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  5. Liberal Capitalist says:

    Doug, first thanks you for your continued and focused writing on these developments. It is important to document these days, as later people will be trying to understand what the hell happened to America so dramatically and quickly.

    It’s more than just IOKIYAR.

    From what I see, it’s inline with stickling to the GOP greatest hits. Much like the Brooks Brothers Riot, or Mitch McConnel avoiding a Supreme Court appointment vote

    You know: lawlessness.

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  6. CSK says:

    I don’t get it. Most of them can’t stand the malevolent old buffoon. So he gets impeached. So what? They get Pence as a replacement.

    Yes, I know they’re terrified of Cult45. I get that.

  7. KM says:

    A Trump lawyer just argued in court that the POTUS is so far above the law that he can commit murder and there’s nothing you can do about it:

    Judge: If President Trump shot someone on Fifth Avenue, local authorities couldn’t investigate, or do anything about it?

    Trump lawyer: No.

    Judge: Nothing could be done while in office? That is your position?

    Trump lawyer: That is correct.

    These idiots are really going all in because they know this is likely the last time they have this level of power. They’re burning all the bridges, destroying all the norms, doing absolutely everything they can to protect their God Emperor because they know deep in their bones he’s the death of their party. Oh, they’ll limp along for a few decades fleecing their rubes but this isn’t the behavior of a party that thinks they’ll have to deal with consequences. After all, if God Emperor Trump can shoot someone in the streets legally, so can the next Dem Pres. Money and optics – pander to the morons, scream at the TV and rake in that sweet, sweet dough.

    As for Pence as Pres, the wingnut ecosystem won’t support him. Its evolutionary pressure leans towards loud, abrasive, boorish, and proudly ignorant. Pence only really fits because he’s a fundie – his asshattery derives from that, not necessarily the same personality flaws that make Trump so attractive to his groupies. He’s the Diet New Coke of the GOP – drink if you absolutely have no other choice. President Pence may get them some legislation but won’t bring in the votes in elections…. and definitely won’t bring the perpetual outrage that’s so crucial to keeping the wingnut ecosystem thriving.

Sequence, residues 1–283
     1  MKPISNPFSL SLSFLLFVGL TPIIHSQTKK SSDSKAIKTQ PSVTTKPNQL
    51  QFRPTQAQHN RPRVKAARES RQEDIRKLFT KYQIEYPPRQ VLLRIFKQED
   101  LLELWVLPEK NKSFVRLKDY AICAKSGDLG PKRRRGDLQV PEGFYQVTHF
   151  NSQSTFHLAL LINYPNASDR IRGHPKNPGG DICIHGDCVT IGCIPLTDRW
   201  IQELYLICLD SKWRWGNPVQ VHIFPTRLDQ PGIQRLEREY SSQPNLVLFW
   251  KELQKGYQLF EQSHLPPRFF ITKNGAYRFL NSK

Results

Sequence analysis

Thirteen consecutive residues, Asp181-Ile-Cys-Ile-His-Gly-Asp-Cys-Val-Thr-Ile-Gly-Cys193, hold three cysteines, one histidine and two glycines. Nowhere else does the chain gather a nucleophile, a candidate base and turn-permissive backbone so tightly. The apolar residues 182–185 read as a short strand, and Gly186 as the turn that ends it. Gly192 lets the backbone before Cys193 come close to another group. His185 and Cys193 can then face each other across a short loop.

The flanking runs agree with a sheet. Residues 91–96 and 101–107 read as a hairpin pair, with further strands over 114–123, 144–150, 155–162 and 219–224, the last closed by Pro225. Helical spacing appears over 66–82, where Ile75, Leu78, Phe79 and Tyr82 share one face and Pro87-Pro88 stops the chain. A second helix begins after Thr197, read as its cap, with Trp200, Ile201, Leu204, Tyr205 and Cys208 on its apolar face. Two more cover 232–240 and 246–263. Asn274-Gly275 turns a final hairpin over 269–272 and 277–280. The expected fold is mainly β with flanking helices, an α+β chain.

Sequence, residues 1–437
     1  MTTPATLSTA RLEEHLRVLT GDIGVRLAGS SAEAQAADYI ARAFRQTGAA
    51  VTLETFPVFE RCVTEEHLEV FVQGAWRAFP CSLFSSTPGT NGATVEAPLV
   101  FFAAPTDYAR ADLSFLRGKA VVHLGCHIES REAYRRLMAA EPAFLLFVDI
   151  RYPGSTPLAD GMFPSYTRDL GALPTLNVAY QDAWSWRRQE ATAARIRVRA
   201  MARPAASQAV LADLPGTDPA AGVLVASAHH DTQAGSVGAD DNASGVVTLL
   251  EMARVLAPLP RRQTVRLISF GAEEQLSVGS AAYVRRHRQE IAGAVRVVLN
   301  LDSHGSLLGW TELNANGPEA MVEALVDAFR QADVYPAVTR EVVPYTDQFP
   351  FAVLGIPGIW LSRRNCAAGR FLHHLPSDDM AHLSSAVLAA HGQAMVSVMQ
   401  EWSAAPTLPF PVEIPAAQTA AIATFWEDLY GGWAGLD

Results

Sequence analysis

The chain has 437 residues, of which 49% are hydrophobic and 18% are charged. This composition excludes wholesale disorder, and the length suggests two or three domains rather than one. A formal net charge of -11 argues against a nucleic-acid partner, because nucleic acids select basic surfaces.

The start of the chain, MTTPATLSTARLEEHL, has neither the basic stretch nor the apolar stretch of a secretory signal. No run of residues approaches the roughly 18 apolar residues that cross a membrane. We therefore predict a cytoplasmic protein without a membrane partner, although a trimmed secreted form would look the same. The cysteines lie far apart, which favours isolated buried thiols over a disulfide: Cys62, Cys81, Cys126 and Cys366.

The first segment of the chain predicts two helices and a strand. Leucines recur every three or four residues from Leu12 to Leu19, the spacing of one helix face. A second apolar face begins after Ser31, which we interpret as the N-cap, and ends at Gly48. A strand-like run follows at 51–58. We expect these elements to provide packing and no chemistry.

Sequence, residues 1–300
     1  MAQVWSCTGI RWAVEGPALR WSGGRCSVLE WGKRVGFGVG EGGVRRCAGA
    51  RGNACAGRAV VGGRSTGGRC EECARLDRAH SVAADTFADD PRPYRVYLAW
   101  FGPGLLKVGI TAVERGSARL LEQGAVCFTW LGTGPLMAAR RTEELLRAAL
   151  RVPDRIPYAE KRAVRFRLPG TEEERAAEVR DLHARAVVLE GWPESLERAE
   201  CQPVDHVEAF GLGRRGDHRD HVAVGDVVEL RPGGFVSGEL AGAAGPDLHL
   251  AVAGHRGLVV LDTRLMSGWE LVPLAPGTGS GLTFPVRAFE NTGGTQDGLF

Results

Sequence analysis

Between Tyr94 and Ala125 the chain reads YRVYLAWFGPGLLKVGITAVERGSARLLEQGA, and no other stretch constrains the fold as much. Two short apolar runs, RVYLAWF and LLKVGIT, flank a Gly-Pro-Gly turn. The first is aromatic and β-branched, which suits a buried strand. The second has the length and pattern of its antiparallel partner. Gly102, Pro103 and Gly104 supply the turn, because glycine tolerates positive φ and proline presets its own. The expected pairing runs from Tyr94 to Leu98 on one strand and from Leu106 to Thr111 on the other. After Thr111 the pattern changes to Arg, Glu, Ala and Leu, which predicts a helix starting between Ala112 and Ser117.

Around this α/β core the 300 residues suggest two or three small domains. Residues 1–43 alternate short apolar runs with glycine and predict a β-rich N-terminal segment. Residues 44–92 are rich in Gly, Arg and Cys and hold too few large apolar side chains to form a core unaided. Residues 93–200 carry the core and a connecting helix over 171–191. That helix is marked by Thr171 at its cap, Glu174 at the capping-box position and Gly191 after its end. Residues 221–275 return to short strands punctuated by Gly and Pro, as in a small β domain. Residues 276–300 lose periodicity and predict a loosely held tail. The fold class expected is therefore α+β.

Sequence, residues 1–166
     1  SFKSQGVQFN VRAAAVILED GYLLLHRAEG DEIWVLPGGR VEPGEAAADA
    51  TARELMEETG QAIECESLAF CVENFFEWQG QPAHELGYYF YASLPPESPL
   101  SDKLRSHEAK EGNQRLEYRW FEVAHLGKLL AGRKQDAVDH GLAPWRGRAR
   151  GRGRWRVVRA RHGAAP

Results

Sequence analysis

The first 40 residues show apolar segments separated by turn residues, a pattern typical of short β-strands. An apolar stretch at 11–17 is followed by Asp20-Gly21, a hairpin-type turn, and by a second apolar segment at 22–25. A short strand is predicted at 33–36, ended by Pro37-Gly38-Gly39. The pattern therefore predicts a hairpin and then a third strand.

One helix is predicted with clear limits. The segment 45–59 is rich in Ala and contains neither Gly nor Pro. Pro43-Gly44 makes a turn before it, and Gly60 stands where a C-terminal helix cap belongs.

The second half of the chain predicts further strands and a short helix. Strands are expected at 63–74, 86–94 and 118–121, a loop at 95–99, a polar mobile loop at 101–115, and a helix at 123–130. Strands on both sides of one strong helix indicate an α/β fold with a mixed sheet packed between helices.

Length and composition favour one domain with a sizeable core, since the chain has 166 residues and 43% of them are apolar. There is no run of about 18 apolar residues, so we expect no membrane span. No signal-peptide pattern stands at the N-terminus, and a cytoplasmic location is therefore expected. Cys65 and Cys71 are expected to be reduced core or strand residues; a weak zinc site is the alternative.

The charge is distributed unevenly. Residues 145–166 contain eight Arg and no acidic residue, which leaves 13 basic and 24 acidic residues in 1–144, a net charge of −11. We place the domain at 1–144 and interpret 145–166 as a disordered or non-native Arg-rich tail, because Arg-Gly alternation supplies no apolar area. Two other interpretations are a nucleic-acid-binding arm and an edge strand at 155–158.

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  8. Michael Reynolds says:

    Republicans by and large will go down the toilet with Trump because they know what they’ve done is a difference in kind, not just degree. It’s the difference between an average German soldier surrendering to US troops after the camps started to be liberated, and an SS officer doing same. On the one hand there’s a POW camp, and on the other hand let’s take a walk into these woods. . .

    They know they’ve done more than fight for their side. They know they’ve done evil and they know they won’t be forgiven. That’s how you end up dying in the bunker instead of running west waving your undershirt on a stick and living to sell Mercedes in Florida.

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  9. MarkedMan says:

    @Teve: Yes

  10. OzarkHillbilly says:

    I kinda wonder what is going to happen to the Capitol police who gave entry to unauthorized people to a secure room. Seems at the very least a reassignment is called for, maybe as bathroom monitors?

    Of course I have no idea of what exactly transpired. Maybe Schiff told them not to make a confrontation out of it, maybe their commander was unsure of just how far his authority extended.

    sigh….

    Seems strange when an entire political party is engaged in felonious behavior and no one is held to account. Almost like a banana republic.

  11. Nightcrawler says:

    @KM:

    They are treating Trump like a God Emperor; that’s a very good way of putting it.

    There are liberals who fear a President Pence. I’m a Nothing, and I don’t. Pence would be a severely wounded POTUS heading up a severely wounded GOP. I don’t think he’d get much accomplished, and as you pointed out, I don’t think he’d bring out the vote, either for himself in 2020 or for other GOP candidates.

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  12. Daryl and his brother Darryl says:

    They know they’ve done more than fight for their side. They know they’ve done evil and they know they won’t be forgiven.

    I don’t know, man. Who knowingly makes an idiot of themselves in front of the nation for Trump?